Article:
The police unit arrested a Chinese man named Ding Wengkun from that raid, but in reality the operation targeted another foreigner named Johnson Lee, who was able to flee during the course of the police operation. The latter, however, would be detained by barangay officials and turned over to the police — who then allowed him to go scot-free, in exchange for a Php50 million bribe.

Wengkun was only nabbed at the Clark Freeport Zone, rather than in the warehouse where the contraband was discovered and seized. Magalong recalled that witnesses of the arrest were confused when they were shown photos of the former, as they adamantly told he “was not the guy [the barangay tanods] apprehended”.

Oscar Albayalde CNN Philippines
Former PNP chief Oscar Albayalde speaks to Headstart on CNN Philippines. [Screenshot from CNN Philippines]
Another glaring irregularity of the entire fiasco was that the 13 police officers involved in the raid were ordered dismissed in 2014, however, they were only served with the official papers in March 2016 — two years after the original order was given. The members of the Blue Ribbon Committee were flummoxed as to why it took so long to issue the dismissal orders, and could only muster ambiguous responses from the police officials questioned.

When the dismissal order was issued in 2016, the erring police officers immediately filed for appeal — thereby prolonging the process further. By 2017, under the leadership of a new PNP chief – Chief Supt. Amador Corpusthe order for dismissal was reverted and the 13 police officers were merely demoted by 1 ranking.

Aaron Aquino – who at that time was the Central Luzon regional police chief – revealed that Albayalde personally contacted him between July to December 2016 to inquire about the case status of the 13 policemen. According to Aquino, the dismissed Pampanga chief asked him to conduct a “review” of the case before proceeding with any further action against the police operatives.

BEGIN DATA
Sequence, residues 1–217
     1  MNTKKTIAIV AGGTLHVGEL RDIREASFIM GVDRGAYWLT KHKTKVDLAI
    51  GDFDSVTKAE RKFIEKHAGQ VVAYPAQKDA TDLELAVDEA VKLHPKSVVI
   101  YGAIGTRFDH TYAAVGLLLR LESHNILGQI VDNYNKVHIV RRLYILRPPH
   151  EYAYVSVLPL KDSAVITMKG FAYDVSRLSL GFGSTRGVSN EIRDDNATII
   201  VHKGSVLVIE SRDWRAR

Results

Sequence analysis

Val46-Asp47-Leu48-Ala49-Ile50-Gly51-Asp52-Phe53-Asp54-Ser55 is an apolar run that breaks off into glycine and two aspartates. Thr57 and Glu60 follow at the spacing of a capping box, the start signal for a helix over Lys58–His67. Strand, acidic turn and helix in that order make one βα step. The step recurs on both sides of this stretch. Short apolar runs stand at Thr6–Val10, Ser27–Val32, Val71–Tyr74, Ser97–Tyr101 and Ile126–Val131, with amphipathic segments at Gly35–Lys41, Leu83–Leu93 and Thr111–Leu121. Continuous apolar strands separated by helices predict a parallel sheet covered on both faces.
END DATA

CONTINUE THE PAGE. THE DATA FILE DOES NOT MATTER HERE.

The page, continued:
Senator Gordon called that correspondence between the two men as “inappropriate”, and rightly so. There was a clear conflict of interest, the only reason Albayalde would risk pursuing that avenue is if he truly feared that he could be implicated in the process.

If the testimonies given to the Senate’s Blue Ribbon Committee are truly accurate, then the smoking gun evidence against Albayalde would be the testimony from another retired Police General Rudy Lacadin. The latter said that the former admitted to him in a phone call that he did received a pecuniary gain from that pilfering of illegal drugs during the 2013 Pampanga raid.

Lacadin was among those tasked to conduct further investigation into the irregularities of that raid, and when Albayalde discovered this the latter allegedly initiated a phone conversation with the Police General – as what he did with Director-General Aquino also – in an attempt to clear his name. Evidently, Albayalde denied the accusation during the Senate inquiry, calling it as “part of a conspiracy” to bring him down — but with two different individuals describing the same behaviour from him, it is really difficult to believe the beleaguered former Police chief.

Now it seems the DOJ also shares that sentiment, formally allowing charges to be pressed on Albayalde for the blatant corruption surrounding the 2013 Pampanga raid. If he truly is innocent, as he tried to persuade Aquino and Lacadin, he should be able to mount a solid defence to save himself — otherwise, a crooked cop will fall to the force of the law.